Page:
Oleg Kashin was brutally attacked near his home in Moscow on November 6, 2010. His both hands were crashed and his jaw was broken. The message was clear, don't write and don't talk. The government seams to cooperate on this case, but I think the reality is different. In the past, other journalists that have criticized the Kremlin have been beaten and even killed. This is part of a well known tactic based on fear to stifle descent. The video of this event, showing the pain Oleg Kashin went through, was allegedly leaked by the police. Or perhaps it was intentionally released to the public to send a wave of fear into the journalist community?!
These fear tactics have been successfully used in the past. The problem is that today they don't work anymore. This is another clear example of measures that are not in tune with the new reality, showing that those in power don't understand the new world. It's like the Obama's government reacting to the latest Wikileaks release, trying to control the spread of the leaked information threatening with a fossilized law, made before the Internet even existed... We should all pay attention to these knee-jerk reactions, these panic mode reactions, these clumsy actions of damage control, using inadequate tools to address a problem they don't fully understand.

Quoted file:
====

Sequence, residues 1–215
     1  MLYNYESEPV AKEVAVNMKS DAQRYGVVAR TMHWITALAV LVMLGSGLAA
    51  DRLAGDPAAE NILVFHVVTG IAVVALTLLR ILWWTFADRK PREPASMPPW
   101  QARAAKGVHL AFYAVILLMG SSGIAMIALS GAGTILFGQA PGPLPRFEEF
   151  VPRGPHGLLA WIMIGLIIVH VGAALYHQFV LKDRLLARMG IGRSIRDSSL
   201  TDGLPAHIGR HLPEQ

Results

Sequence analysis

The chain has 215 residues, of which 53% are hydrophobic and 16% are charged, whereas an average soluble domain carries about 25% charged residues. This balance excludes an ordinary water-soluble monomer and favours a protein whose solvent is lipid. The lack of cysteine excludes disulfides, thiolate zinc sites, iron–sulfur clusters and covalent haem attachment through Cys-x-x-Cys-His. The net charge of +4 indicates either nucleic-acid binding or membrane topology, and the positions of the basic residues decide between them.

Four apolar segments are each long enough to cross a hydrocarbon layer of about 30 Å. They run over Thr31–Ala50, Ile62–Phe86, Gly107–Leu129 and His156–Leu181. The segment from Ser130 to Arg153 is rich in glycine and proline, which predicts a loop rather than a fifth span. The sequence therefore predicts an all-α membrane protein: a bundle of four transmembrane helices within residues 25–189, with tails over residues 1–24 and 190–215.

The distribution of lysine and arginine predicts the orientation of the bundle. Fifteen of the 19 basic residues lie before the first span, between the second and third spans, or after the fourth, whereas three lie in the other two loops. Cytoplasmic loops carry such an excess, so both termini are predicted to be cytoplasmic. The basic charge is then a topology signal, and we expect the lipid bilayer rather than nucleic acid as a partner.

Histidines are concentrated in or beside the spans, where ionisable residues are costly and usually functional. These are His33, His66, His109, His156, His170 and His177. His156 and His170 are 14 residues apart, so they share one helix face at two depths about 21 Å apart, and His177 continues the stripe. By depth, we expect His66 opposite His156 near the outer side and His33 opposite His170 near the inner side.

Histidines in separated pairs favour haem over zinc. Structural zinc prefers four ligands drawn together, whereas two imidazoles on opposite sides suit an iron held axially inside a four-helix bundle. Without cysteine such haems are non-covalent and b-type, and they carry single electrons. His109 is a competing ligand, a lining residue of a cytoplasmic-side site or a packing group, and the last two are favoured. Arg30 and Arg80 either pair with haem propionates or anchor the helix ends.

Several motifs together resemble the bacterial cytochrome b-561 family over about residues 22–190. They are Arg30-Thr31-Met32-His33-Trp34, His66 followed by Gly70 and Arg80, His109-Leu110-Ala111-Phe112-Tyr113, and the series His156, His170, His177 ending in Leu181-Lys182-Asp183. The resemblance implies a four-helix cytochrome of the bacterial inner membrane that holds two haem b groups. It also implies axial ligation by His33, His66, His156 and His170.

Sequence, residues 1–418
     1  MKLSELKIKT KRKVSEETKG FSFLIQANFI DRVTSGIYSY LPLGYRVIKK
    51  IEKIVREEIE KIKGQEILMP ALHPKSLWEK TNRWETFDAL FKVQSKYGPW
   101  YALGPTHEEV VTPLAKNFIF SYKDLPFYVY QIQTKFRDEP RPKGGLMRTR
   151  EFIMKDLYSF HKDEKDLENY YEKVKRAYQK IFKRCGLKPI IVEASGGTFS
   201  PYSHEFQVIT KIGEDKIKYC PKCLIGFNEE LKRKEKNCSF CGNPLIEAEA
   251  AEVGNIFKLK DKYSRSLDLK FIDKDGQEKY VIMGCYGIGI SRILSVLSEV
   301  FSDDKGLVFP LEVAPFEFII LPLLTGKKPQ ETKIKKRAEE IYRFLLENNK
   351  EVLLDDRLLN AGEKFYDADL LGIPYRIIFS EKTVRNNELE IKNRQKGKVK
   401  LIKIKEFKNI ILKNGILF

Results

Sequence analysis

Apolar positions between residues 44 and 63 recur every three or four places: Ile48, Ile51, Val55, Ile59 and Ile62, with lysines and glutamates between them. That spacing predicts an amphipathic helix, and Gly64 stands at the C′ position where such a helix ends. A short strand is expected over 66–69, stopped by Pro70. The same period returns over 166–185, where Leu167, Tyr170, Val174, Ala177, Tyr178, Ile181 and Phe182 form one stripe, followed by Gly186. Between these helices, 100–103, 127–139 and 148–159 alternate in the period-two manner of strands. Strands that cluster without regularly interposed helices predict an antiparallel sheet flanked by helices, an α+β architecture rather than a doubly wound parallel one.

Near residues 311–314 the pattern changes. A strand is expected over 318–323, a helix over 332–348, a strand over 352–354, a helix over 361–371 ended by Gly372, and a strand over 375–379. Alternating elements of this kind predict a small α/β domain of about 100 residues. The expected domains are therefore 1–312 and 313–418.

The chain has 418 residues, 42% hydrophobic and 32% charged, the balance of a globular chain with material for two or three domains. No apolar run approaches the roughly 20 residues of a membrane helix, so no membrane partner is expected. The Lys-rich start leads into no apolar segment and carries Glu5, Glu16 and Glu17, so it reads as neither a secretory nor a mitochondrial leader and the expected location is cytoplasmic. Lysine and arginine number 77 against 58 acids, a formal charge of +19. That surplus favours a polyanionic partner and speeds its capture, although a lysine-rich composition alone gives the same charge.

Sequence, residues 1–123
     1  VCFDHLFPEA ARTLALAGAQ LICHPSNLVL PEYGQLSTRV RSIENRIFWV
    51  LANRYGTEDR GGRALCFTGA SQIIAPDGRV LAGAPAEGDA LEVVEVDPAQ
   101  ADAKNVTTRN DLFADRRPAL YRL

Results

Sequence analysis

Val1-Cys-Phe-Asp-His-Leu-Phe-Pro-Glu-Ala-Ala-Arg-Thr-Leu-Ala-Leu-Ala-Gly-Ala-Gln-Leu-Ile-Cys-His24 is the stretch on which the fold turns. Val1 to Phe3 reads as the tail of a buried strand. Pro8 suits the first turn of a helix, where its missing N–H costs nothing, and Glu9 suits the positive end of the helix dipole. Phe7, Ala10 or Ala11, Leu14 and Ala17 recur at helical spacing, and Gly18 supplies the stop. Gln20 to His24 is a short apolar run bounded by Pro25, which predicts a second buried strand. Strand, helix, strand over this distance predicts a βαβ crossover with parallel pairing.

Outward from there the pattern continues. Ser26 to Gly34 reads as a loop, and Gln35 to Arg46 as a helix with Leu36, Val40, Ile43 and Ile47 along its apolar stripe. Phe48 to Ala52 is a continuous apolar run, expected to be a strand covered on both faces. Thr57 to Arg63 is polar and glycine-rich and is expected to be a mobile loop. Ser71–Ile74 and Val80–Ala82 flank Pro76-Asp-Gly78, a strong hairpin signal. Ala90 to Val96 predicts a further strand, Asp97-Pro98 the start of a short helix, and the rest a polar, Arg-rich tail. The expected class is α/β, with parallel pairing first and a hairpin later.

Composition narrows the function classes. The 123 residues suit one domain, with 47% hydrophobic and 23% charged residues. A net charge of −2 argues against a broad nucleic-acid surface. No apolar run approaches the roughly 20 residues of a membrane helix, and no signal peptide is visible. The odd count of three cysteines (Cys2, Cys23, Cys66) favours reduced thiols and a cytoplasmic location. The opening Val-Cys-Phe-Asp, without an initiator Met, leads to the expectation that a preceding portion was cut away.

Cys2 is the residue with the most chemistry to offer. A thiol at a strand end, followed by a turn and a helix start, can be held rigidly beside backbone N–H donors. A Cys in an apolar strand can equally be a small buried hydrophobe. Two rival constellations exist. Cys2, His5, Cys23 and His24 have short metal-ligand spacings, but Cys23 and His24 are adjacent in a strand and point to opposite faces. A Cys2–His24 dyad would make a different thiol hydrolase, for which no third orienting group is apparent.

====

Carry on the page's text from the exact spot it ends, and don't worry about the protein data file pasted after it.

Internet is global, anyone in the world can now criticize the Russian government, this is actually what I am doing right now, outside of their zone of influence, potentially reaching the entire Russian population. Information is not only produced and consumed locally, as it was before. Moreover, information is not produced within centralized institutions anymore. The production and the distribution of information is highly decentralized, democratic and deprofessionalized.
The fear tactic doesn't work on the diaspora, nor on people like me who are sympathetic to Russian freedom fighters. Even locally, its effects are diminished when it targets independent individuals who possess their own means of analysis and distribution of information, because their own decision to brave fear in the name of freedom cannot be hindered by other relations, as it normally happens within a centralized media organization. The actions of these independent Internet journalists only depend on their own decisions. These fear tactics can only backlash. Usually these stories get amplified outside of the country, gain momentum, and the whole phenomena they entail sustains the resilience of freedom fighters within the country.
When are these governments going to understand that hanging people in public doesn't work anymore?
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